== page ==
Metop weather satellite launches into orbit

By Jonathan Amos
BBC Science Correspondent

  • Published
Metop artworkImage source, ESA
Image caption,
Artwork: The Metop satellites circle the globe probing the state of the atmosphere

Europe has launched a front-line weather satellite into orbit that has components that are over a decade old.

The Metop-C spacecraft took off from French Guiana late on Tuesday local time, and will circle the globe, gathering data that will feed into daily forecasts.

The satellite was procured at the same time as its two predecessors, but was then stored for later use.

A British instrument onboard was manufactured 17 years ago.

The Microwave Humidity Sounder (MHS) will detect water in the atmosphere - everything from fog to the heavy rain inside a hurricane.

Europe's meteorological agencies say they have no qualms about Metop-C's capabilities.

Image caption,
The spacecraft have had a big impact on the accuracy of forecasts

The spacecraft was routinely pulled out of hibernation and had its systems checked to see they are still functional.

The polar-orbiting Earth observer is fully expected to carry through its duties until the next-generation of technologies take over early next decade, states Dr Dieter Klaes from Eumetsat, the intergovernmental organisation that operates European weather satellites.

"Metop-C was regularly tested. Whenever these satellites have been in storage, there is a health review," he told BBC News.

"The instruments are switched on and tested and we see whether there has been a degradation. The European Space Agency (Esa) and industry did a tremendous job to put all the spacecraft parts - in terms of payload module, service module and instruments - into a shape where they're ready for launch."

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All three platforms in the Metop series were purchased from European industry at the turn of the millennium. It is the most efficient and cheapest way to acquire these multi-billion-euro systems.

Metop-A was the first to launch, in 2006; Metop-B followed in 2012. Both satellites were expected to work for at least five years, and their continued operation today is a boon to weather forecasters. They will now get additional data to ingest in numerical models with the launch of Metop-C.

Image source, ESA
Image caption,
Metop-C being prepared for launch at the European spaceport in French Guiana

The satellites are different from their geostationary spacecraft "cousins" which image developing weather activity from a vantage point some 36,000km above the equator.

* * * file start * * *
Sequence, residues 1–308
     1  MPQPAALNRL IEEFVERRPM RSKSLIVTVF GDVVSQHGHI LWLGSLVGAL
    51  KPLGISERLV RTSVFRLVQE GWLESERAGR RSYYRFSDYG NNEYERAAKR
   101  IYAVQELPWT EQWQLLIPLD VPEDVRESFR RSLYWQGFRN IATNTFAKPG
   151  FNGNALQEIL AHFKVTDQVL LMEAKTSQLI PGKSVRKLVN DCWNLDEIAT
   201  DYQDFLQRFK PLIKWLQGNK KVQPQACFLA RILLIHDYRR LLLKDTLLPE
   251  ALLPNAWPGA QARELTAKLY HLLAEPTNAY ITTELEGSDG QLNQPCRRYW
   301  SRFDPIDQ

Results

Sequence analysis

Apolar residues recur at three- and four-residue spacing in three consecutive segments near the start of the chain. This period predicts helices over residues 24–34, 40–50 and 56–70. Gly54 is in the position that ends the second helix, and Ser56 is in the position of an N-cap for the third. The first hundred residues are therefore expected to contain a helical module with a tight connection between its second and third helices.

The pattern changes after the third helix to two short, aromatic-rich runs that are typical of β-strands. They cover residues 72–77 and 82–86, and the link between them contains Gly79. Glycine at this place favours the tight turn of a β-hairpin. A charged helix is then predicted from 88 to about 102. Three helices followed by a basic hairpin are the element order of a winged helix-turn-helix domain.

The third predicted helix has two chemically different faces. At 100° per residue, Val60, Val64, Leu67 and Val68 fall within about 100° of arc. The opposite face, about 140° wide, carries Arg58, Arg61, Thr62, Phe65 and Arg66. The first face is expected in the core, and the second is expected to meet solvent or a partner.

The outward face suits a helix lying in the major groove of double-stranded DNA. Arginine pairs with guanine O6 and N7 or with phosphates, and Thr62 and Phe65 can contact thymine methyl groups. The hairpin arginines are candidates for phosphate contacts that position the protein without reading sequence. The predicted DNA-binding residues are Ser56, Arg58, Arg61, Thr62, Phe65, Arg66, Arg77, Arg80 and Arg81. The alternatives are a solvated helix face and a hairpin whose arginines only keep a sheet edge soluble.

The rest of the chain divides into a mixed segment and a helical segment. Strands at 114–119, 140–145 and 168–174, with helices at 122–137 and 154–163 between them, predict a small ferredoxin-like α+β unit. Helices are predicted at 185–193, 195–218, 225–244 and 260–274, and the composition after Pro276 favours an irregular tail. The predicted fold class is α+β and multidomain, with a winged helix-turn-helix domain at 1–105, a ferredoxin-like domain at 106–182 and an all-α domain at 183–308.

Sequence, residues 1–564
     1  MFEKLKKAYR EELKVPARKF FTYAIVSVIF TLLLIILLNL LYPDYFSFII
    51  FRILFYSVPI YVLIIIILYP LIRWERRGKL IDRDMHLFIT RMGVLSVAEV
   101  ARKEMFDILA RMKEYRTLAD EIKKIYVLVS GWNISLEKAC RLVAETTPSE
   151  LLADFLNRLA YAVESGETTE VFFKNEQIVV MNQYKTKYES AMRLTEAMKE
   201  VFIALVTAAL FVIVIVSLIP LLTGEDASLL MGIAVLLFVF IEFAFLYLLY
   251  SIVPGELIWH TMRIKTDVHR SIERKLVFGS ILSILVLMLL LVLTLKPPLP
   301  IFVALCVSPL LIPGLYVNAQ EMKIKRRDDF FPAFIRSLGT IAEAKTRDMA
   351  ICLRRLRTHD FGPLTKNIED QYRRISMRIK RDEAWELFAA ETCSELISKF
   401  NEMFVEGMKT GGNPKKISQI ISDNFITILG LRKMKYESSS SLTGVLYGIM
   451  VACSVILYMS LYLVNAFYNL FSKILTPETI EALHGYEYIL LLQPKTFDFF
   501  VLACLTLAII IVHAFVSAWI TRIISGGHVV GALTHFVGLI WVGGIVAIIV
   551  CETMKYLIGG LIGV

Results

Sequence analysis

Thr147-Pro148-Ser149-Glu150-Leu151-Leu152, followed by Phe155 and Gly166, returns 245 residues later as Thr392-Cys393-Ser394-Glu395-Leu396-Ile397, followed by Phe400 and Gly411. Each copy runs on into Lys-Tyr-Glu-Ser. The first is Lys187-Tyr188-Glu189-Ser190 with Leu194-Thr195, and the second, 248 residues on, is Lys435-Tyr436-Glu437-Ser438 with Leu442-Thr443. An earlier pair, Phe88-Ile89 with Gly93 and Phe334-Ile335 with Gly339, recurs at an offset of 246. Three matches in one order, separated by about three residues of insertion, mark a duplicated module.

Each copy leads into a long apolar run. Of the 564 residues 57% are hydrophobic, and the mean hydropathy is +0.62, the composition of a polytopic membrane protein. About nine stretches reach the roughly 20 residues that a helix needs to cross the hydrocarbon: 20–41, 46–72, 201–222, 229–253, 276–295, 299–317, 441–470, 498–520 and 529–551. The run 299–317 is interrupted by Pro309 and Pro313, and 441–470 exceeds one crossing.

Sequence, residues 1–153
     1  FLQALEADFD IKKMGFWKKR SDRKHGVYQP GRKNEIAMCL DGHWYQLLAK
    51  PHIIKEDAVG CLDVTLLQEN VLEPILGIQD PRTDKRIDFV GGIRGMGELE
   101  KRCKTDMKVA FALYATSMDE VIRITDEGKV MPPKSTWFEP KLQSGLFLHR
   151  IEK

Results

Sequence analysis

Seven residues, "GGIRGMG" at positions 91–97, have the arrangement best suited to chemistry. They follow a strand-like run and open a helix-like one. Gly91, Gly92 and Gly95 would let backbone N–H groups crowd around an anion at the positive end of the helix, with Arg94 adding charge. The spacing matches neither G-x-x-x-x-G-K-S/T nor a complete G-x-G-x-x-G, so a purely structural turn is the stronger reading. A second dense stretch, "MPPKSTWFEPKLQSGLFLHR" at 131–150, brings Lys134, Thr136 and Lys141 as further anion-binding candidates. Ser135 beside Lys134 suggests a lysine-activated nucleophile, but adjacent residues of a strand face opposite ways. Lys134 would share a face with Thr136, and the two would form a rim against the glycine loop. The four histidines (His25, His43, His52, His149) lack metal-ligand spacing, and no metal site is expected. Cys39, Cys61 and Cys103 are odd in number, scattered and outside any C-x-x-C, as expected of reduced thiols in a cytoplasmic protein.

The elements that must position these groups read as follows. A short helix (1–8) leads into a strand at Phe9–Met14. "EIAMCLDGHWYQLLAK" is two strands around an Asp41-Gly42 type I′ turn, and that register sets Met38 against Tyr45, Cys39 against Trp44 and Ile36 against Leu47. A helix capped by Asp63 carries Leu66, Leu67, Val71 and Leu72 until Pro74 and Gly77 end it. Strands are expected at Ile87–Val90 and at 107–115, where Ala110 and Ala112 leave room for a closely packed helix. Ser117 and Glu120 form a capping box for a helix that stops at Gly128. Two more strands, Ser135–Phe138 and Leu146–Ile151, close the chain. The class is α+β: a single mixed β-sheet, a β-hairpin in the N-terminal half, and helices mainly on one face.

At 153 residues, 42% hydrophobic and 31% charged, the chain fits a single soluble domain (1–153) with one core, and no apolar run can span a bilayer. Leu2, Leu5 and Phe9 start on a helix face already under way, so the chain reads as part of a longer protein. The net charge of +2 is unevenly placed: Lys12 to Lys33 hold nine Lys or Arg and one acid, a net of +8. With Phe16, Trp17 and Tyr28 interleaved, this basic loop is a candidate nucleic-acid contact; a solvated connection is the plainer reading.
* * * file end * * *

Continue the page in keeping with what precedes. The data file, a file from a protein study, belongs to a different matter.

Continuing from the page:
The polar orbiting satellites fly much lower, only 800km above the ground. Their job is to probe atmospheric conditions, detailing parameters such as humidity and temperature at different heights.

The introduction of the Metops has had an astounding impact on forecast quality. Assessments indicate the data from the first two platforms reduced errors in the 24-hour lookahead by 27%. And there have been big gains also in medium-range forecasts - those that go out to several days hence.

Eumetsat operates Europe's weather spacecraft from its headquarters in Darmstadt, Germany. But the satellites' design and procurement is overseen by Esa. It is currently working on Metop-SG (Second Generation).

These spacecraft will have much more advanced instrumentation, and in a change to the current observing strategy - those instruments will be deployed across pairs of platforms.

Image caption,
The Microwave Humidity Sounders were batch-bought

The British MHS will be succeeded by the MicroWave Sounder (MWS). It will have significantly improved performance.

The first Metop-SG pairing is set to roll out at the end of 2022.

These are interesting times in satellite meteorology because we are starting to see very small spacecraft being launched to monitor the state of the atmosphere. The new platforms are shoebox-sized, versus the 4-tonne Goliaths like Metop.

"New space" companies - good examples would include Spire and Orbital Micro Systems - are looking to sell weather data and forecasts to private clients.

Dr Josef Aschbacher, the director of Earth observation at Esa, told BBC News that his agency was evaluating the data from smallsats but it was too early to say how these novel systems would eventually fit into the general observing system.

"One should be careful not to make simple comparisons between the quality of a smallsat with a big sat," he said.

"Sometimes the illusion is created that you can just replace the big ones with the small ones. Smallsats provide what they are designed for - to be small, to be quick and for there to be many of them. Their measurements are therefore complementary to the more precise data from classical satellites like Metop."

Metop-C lifted off on a Soyuz rocket from Europe's Kourou spaceport on schedule at 21:47 local time, Tuesday (00:47 GMT Wednesday). and follow me on Twitter: @BBCAmos